The full QNX Neutrino installation uses automatic hardware detection to start the corresponding device drivers. With the enum-devices -n command, you can see what hardware was detected by the enumerators and which drivers have been started accordingly during booting.
Start the QNX Momentics IDE on your development host. The first time you start the IDE, it asks you to choose a workspace, a folder where it can store your projects and other files. The IDE then displays its Welcome page. When you're ready to start, click the Workbench icon:
Now create a QNX C Project: from the File menu, select. In the New Project dialog, expand QNX, and then select QNX C Project:
Click Next. In the resulting dialog, give your project a name:
Make sure that Generate default file is checked, leave Add project to working sets unchecked, and then click Next. You now need to select a CPU architecture for the binary you're creating. To do this, go to the Build Variants tab. For a PC as target, choose x86. For projects on other processors, select the corresponding CPU type: PPC, SH, ARM, or MIPS. You can also select compilation with or without debug information; we'll be using both later, so make sure the debug and release variants are both checked.
Click Finish. A ready-to-use project structure with a Makefile is created for you, including a small program (“Welcome to the QNX Momentics IDE”), which you'll find in an automatically generated source code file.
The IDE now switches to the C/C++ perspective, which features the navigator, the editor, and other useful views, areas that display information that's relevant to the task at hand:
Your target system must be able to respond to requests from the development environment. To make this possible, start the qconn program. On a PC running QNX Neutrino, you can start qconn from a terminal window:
To access your target system from the IDE, you have to create a target project. Open the System Information perspective: in the Window menu, select. In the empty Target Navigator view, press the right mouse button and select New QNX Target... from the context menu:
If you wish, you can uncheck Same as hostname and provide a name for your target system. Enter its IP address in the corresponding field:
Click Finish, and then select your new target in the Target Navigator. You will now see a list of all the processes in your QNX Neutrino system. The views (the tabs at the top) provide other information to you. You can find even more useful views in the Window menu under Show View.
Now switch back to the C/C++ perspective by choosing its icon in the right side of the toolbar:
Before you compile, you may want to select compilation with or without debug information. To do so, right-click the project name in the Project Explorer view, and then choose Properties. Click QNX C/C++ Project, click Build Variants, and then expand the x86 item. Make sure that both the debug and release variants are checked. Click OK; the IDE offers to rebuild the project.
During the creation of the QNX C Project, a QNX-made directory structure with Makefiles was generated. Now to create a binary, please right-click the project name, and then select Build Project. The compiler and linker will now do their work.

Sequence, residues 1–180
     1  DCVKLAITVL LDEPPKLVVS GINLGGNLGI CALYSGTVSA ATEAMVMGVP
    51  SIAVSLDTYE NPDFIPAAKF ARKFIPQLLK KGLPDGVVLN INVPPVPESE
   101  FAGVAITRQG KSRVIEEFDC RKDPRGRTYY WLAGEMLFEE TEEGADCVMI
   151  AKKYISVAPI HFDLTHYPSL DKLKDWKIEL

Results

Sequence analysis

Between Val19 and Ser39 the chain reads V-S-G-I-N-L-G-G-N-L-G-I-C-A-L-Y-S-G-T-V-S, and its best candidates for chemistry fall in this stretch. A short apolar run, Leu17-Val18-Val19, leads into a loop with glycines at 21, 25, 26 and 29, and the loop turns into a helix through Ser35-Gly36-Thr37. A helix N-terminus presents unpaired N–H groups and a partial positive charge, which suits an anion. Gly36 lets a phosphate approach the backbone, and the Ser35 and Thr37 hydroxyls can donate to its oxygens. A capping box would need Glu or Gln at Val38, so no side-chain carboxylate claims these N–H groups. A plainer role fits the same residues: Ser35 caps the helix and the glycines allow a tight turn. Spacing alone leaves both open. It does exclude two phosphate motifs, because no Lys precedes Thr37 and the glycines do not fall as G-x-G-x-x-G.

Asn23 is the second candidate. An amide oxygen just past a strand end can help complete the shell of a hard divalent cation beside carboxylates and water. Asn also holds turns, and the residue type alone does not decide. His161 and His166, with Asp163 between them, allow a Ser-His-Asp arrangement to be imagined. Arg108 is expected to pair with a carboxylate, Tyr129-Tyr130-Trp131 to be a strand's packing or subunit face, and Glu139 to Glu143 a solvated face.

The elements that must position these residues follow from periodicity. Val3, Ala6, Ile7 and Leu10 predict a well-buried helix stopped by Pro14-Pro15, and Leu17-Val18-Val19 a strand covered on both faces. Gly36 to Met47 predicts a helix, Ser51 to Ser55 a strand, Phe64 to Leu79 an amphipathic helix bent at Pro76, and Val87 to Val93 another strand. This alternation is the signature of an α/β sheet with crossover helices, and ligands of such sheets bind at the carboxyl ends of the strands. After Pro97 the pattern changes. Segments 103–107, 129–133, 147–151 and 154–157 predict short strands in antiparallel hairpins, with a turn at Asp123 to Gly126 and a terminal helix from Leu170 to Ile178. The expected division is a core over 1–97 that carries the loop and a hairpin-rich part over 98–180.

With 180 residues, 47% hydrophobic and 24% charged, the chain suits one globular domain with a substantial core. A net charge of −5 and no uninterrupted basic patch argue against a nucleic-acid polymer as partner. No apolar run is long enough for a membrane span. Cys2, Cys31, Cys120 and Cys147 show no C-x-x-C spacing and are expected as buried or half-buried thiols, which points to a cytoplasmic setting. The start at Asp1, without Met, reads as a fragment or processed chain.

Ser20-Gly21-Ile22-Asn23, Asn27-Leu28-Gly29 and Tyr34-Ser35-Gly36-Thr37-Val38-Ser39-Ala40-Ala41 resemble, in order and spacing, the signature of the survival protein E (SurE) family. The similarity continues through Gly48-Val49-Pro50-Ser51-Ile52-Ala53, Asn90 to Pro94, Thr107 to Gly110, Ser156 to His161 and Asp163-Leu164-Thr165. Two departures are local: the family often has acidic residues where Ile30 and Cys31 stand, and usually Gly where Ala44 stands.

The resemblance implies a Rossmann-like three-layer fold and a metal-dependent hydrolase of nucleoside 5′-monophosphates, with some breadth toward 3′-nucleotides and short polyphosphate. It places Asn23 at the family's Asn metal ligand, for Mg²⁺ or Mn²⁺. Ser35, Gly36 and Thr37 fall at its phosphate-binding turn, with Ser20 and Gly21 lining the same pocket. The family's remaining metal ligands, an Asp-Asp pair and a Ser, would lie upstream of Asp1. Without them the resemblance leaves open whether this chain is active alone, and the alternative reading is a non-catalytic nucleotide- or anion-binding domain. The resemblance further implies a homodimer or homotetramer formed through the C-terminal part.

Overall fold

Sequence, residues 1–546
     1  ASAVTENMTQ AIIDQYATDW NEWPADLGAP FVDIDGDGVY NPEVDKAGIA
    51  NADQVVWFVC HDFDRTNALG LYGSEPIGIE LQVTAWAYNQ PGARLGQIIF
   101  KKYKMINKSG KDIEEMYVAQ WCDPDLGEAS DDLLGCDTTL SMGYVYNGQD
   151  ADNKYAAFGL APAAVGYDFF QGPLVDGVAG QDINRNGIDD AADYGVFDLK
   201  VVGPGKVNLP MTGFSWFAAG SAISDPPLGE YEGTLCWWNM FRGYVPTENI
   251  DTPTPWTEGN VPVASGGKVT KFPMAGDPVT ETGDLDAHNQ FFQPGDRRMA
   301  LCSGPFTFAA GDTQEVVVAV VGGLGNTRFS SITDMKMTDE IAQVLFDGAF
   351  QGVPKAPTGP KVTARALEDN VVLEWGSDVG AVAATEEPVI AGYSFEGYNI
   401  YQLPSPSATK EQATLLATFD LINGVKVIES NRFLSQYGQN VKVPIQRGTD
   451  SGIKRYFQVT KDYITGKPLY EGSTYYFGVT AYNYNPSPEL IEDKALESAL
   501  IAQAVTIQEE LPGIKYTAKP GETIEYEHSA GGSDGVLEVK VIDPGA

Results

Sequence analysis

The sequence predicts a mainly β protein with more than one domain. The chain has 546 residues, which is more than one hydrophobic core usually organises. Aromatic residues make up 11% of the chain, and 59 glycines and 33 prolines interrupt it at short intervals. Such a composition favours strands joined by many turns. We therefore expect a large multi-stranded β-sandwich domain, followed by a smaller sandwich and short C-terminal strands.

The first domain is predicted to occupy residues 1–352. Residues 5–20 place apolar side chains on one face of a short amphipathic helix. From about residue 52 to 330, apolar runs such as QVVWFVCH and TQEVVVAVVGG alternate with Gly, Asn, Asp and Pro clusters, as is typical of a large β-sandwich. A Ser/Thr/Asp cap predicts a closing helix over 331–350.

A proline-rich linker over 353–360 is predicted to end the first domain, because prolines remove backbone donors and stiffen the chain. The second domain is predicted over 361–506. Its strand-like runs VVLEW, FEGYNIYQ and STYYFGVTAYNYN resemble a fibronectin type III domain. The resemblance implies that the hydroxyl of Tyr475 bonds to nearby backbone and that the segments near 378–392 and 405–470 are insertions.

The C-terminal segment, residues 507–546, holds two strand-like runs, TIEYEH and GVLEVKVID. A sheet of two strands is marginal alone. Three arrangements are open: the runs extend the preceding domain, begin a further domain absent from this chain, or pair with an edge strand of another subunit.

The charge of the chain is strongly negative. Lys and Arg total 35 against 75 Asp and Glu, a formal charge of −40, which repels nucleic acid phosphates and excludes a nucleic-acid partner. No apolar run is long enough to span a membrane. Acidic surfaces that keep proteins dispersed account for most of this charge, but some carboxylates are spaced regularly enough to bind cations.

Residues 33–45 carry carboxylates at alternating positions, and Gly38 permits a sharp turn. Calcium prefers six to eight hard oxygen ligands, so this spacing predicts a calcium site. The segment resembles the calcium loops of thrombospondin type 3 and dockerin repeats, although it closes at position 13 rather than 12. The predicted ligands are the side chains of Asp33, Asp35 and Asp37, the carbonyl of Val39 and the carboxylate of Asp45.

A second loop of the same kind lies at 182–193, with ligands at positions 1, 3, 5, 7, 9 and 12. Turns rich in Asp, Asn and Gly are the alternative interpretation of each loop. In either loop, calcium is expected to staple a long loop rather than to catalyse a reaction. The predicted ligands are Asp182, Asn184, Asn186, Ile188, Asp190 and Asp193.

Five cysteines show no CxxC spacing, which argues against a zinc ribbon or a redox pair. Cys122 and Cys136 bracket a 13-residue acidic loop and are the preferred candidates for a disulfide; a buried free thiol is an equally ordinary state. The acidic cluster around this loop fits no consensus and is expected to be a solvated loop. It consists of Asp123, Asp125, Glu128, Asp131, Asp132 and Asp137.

You will find the compiler output in the C-Build output in the Console view, including any errors (you shouldn't see any errors, but we've added one in the examples below):
However, if errors occur during compiling, you will find the Problems view more useful, because it displays the output of the compiler in an interpreted and more readable fashion than the Console view:
The Editor view also gives you information about an error if you leave the pointer over it:
After the build operation, your binaries will be displayed in the Binaries folder. Physically, they're located in the CPU directory under o (for object) and o-g (-g for the debug option passed to the compiler). The IDE automatically created the corresponding Makefiles.
The QNX library libc.so, which contains many basic functions, is linked dynamically to your binary by default. If you want to add other libraries later, you can do so under thesection. From there, click on QNX C/C++ Project, then Linker, and then choose Extra Libraries in the Category field:
Click Add, and type the name of the library, without the lib prefix or the extension. For example, to add the math library, libm.so, you just have to type m in the Name field:
Click OK. The linker will now link the library when you build the project.
To run and debug the newly built program on your target system, you need to create a launch configuration. It consists of various settings that affect how the program starts (e.g. command-line parameters, environment variables). You enter these once, and then you can use this collection of settings again and again.
Now create your own launch configuration: from the dropdown menu beside the “bug” icon on the toolbar, select Debug Configurations…:
A dialog window opens, where you can start existing launch configurations, change them, or create new ones. On the left, select C/C++ QNX QConn (IP). This type of launch configuration is meant for network-based (cross) development with QNX Neutrino running on the target system, using the qconn program. Now click on the New launch configuration icon:
You will now be presented with many configuration possibilities that all deal with starting your executable program. Right now, only the Main tab needs your input. Later, however, you should also take a look at what the other tabs have to offer.